ABRAMS:  I guess I kind of agree.  Look, I think it‘s admirable that, you know, this guy now knows that he‘s married to someone who‘s got some real issues, and yet he‘s still—or going to get married to, and he‘s still willing to say I‘ll stick around.

LUDWIG:  Right.  And they really should wait before moving to the next step because, if this is is the way she handles problems, he definitely should say, hey, do I want to choose somebody who‘s going to react to problems by running away?  The other thing, too, is that maybe this wedding was not her idea.

ABRAMS:  Maybe, maybe, maybe.  I mean...

LUDWIG:  Listen, I think it‘s important...

ABRAMS:  ... you know, I...

LUDWIG:  I‘m not making excuses.

ABRAMS:  ... hear people blaming their parents, and they‘re blaming the fiance, they‘re blaming everybody.  The bottom line is she‘s the one that ran off, she‘s the one who said an Hispanic man in a blue van abducted me.

LUDWIG:  That‘s right, but it...

ABRAMS:  I‘m not willing to blame anyone else yet until I hear...

LUDWIG:  I think there‘s a difference between blaming and understanding something from a psychological perspective, that she emotionally felt abducted, we need to know by who.  That‘s something she needs to figure out.

ABRAMS:  Well, that‘s a very sympathetic way to view what she did. 

That‘s why you do what you do, Robi!

LUDWIG:  That‘s right.

ABRAMS:  Because you‘re sympathetic...

LUDWIG:  That‘s why I‘m not a lawyer.

ABRAMS:  Robi Ludwig, thanks a lot for coming on.

LUDWIG:  Thanks for having me.

ABRAMS:  Coming up, a new study finds parents don‘t treat their ugly children as well as their good-looking ones.  What does that mean for those of us who might have been late bloomers?


ABRAMS:  In “Closing Argument,” remember your parents telling you it‘s only who you are on the inside that matters, honey?

Well, according to a new study, they were lying.  A new study out of Canada found that parents treated good-looking youngsters better than more homely ones.  Researchers hung around 14 Canadian supermarkets to observe how parents treated their young kids when grocery shopping—for instance, whether they buckled them into the carts, how far away kids were allowed to wander, how frequently they were allowed to engage in potentially dangerous activities.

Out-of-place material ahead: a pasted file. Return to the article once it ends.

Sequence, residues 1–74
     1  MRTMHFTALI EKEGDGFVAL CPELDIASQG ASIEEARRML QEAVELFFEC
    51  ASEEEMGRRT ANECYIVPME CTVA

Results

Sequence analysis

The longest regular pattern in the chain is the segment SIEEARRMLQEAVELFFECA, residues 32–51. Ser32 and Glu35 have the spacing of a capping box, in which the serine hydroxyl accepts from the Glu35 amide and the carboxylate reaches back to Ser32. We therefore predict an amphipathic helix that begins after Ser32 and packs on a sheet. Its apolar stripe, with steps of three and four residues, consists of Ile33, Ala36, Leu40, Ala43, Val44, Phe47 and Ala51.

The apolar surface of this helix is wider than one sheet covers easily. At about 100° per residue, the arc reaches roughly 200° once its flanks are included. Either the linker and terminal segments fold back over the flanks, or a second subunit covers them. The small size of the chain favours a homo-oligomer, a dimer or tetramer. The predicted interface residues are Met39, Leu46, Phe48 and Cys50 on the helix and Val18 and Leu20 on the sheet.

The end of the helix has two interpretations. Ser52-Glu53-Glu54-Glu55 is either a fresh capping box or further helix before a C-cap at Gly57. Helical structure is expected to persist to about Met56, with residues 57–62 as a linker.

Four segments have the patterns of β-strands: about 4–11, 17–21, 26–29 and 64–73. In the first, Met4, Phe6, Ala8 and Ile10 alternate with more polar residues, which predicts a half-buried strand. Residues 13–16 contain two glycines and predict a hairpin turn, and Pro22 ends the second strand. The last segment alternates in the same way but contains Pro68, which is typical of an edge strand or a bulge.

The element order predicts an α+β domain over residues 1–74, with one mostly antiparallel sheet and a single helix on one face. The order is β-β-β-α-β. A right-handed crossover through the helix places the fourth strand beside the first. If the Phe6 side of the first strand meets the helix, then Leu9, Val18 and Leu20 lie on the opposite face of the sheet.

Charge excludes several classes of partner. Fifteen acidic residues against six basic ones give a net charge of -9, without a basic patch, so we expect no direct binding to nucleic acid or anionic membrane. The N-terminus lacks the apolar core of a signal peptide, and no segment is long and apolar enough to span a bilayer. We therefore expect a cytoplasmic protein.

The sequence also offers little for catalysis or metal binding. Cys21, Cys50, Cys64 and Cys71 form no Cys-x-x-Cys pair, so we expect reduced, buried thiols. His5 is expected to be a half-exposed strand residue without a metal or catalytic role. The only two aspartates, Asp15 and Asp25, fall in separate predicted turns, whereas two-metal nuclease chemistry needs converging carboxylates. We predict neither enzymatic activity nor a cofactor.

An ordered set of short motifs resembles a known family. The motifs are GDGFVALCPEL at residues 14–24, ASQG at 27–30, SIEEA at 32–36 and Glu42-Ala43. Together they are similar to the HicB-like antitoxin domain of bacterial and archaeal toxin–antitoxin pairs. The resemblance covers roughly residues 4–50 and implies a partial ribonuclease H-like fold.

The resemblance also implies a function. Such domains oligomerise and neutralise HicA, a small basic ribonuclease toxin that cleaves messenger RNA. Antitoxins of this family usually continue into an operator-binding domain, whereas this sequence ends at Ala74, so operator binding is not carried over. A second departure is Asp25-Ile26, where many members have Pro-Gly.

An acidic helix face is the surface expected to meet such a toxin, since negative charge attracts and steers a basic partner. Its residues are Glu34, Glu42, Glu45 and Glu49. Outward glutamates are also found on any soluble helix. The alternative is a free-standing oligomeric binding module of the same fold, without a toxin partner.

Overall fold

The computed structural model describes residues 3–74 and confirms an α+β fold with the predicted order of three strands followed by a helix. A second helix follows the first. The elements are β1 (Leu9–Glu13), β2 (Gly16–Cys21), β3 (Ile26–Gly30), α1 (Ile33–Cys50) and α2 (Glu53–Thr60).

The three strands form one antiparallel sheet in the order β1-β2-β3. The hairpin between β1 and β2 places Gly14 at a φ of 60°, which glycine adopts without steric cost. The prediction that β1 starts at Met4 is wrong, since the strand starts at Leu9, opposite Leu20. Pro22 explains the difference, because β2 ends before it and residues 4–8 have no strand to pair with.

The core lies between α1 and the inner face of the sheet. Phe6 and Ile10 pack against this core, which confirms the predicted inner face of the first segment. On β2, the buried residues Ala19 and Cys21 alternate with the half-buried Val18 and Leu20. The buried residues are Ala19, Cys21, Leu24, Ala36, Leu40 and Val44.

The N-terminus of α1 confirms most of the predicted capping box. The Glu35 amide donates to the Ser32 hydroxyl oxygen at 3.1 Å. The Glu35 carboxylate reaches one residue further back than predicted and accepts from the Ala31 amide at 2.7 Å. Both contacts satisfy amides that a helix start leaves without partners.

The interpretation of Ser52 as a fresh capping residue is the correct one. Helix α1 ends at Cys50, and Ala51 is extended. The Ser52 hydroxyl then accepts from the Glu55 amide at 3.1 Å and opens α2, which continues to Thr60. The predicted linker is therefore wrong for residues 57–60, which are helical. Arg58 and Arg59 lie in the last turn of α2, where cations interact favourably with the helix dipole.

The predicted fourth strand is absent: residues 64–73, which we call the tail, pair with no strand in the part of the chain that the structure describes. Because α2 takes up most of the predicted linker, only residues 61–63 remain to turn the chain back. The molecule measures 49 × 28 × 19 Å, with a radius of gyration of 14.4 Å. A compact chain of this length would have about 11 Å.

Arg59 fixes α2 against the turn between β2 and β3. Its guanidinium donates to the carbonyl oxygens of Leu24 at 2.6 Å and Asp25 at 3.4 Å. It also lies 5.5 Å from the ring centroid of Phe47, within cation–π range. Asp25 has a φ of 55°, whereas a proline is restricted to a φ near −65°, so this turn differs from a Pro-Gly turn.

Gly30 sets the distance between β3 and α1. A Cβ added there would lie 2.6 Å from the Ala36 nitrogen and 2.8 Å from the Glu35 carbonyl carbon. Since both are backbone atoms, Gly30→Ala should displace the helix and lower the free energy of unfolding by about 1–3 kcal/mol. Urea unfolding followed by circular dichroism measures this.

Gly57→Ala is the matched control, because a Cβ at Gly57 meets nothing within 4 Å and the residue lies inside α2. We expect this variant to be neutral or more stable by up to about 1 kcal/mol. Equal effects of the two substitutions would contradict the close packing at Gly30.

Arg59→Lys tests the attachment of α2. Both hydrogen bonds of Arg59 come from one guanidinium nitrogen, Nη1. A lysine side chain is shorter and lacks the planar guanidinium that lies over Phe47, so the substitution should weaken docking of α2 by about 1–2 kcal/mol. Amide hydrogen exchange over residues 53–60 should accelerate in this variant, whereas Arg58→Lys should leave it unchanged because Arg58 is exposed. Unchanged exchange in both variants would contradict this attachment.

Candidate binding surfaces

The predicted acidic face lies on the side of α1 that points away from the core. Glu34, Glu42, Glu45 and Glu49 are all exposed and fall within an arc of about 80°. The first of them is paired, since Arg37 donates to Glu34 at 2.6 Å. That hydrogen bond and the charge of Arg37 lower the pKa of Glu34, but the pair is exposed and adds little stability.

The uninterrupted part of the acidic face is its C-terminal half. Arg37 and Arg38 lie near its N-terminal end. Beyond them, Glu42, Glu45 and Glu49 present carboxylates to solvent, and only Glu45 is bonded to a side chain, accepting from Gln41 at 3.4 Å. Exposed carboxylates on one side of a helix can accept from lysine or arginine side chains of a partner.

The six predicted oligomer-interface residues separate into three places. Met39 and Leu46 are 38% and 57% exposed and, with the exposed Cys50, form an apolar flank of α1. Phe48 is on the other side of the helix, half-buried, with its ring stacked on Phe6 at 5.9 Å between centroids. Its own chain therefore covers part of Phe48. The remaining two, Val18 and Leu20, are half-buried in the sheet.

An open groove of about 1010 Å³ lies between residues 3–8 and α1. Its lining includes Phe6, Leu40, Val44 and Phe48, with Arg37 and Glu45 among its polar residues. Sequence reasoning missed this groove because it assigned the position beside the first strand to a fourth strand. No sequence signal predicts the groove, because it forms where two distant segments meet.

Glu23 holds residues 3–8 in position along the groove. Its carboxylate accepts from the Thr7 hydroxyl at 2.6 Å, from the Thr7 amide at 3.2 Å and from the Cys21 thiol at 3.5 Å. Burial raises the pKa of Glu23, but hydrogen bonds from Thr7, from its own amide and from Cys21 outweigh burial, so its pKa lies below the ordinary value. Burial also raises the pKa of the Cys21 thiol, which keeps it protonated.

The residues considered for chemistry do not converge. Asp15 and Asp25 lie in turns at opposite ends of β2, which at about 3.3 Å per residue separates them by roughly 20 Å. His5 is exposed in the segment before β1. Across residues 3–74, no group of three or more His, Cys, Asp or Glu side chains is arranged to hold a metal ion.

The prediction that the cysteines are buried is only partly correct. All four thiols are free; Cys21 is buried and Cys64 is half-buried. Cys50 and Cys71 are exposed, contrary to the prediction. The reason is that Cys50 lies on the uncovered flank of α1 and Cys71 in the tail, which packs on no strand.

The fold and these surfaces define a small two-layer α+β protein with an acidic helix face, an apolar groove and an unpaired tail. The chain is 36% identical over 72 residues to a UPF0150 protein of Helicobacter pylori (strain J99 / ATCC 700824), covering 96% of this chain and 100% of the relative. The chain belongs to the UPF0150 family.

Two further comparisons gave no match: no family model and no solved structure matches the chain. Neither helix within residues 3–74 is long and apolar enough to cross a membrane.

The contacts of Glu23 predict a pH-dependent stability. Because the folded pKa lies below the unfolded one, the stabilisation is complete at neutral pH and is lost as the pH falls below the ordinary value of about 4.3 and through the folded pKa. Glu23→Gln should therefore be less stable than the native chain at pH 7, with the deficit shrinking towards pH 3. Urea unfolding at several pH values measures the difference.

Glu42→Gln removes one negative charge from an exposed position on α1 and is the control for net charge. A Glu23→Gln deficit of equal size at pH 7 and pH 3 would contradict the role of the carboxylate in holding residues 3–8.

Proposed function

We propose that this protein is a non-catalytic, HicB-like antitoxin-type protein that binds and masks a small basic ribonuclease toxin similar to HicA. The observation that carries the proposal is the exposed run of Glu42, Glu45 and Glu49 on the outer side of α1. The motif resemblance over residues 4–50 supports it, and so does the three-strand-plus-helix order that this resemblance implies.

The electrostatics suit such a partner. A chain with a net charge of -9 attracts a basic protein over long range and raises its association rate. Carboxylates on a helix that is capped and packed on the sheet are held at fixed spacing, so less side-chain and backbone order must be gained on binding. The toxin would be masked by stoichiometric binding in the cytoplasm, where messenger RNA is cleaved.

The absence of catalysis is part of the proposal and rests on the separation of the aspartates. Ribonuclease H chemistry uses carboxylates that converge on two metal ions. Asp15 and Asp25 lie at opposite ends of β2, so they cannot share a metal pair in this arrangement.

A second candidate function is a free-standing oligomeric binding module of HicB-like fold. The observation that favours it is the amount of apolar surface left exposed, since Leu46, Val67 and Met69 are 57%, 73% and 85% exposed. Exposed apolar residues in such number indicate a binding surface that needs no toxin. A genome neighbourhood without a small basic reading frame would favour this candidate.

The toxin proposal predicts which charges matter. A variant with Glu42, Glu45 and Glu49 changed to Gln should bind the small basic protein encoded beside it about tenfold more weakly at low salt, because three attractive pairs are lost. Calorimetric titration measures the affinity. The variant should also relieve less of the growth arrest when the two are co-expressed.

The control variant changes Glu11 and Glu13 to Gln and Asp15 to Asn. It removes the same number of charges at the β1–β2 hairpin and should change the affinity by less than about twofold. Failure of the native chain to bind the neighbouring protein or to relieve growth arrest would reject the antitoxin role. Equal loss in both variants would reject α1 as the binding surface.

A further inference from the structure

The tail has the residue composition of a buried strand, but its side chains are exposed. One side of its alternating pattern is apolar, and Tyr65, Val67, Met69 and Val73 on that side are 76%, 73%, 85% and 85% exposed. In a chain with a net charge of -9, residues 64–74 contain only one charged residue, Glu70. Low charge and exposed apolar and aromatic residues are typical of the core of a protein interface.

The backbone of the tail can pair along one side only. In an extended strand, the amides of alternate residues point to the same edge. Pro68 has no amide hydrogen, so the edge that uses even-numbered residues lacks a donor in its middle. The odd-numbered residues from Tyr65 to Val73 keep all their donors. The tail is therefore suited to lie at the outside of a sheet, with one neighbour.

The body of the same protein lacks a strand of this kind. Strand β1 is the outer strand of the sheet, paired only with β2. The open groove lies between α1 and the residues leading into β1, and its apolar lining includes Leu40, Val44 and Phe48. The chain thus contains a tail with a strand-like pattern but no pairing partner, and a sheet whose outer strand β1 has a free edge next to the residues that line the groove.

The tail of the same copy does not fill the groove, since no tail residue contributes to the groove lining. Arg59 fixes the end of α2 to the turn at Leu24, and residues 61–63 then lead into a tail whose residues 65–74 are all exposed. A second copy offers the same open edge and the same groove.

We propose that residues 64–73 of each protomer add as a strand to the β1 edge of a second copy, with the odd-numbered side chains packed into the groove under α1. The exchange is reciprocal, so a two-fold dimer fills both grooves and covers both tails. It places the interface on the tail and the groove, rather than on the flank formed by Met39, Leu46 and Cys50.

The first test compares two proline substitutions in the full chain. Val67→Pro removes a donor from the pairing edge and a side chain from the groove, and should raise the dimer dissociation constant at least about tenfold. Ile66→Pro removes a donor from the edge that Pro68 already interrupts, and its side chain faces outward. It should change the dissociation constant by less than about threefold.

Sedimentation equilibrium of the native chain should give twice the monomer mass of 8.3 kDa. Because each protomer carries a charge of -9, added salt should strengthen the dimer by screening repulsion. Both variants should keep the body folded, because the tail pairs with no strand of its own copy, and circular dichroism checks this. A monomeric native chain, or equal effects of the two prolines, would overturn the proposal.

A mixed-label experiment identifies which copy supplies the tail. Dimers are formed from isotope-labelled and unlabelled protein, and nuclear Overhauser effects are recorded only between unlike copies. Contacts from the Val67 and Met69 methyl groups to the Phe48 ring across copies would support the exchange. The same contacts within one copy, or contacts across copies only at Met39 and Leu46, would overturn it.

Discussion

And then like frat boys in a bar, the researchers rated each child‘s attractiveness on a 1- to 10-point scale.

Well, it turns out that being a good-looking kid made a big difference in how the parents treated them.  Only 4 percent of the uglier children were strapped into the shopping cart by their moms, while over 13 percent of the cuter kids were strapped in safely.  Fathers were even worse offenders, apparently.  The dads watched in the study didn‘t even bother to strap any of the ugly kids into the carts, but the dads strapped their cute kids into the cart 12.5 percent of the time.

If you were a kid prone to wandering the supermarket on your own, then you were best off if you were an attractive boy.  Parents, apparently, were more attentive to good-looking boys, keeping them in closer proximity in the stores, than even with pretty girls.

The lead researcher in the study told The New York Times that parents taking better care of attractive children is just evolution, that good-looking offspring are parents‘ best genetic legacy, so they end up getting the most attention and care.

Yikes!  So what about us kids who might have had, well, an awkward period?  If we were more likely to be at danger in a supermarket, can you imagine what else we were in danger of?

I mean, just because I chose to wear a purple shirt with flowers and a balloon on my head does not mean my mother would have allowed me to suck on a helium dispenser, and sometimes maybe it was our parents‘ fault for not saying, hey, Casanova, you‘re not walking out looking like that!  Those girls can‘t get far enough away from me.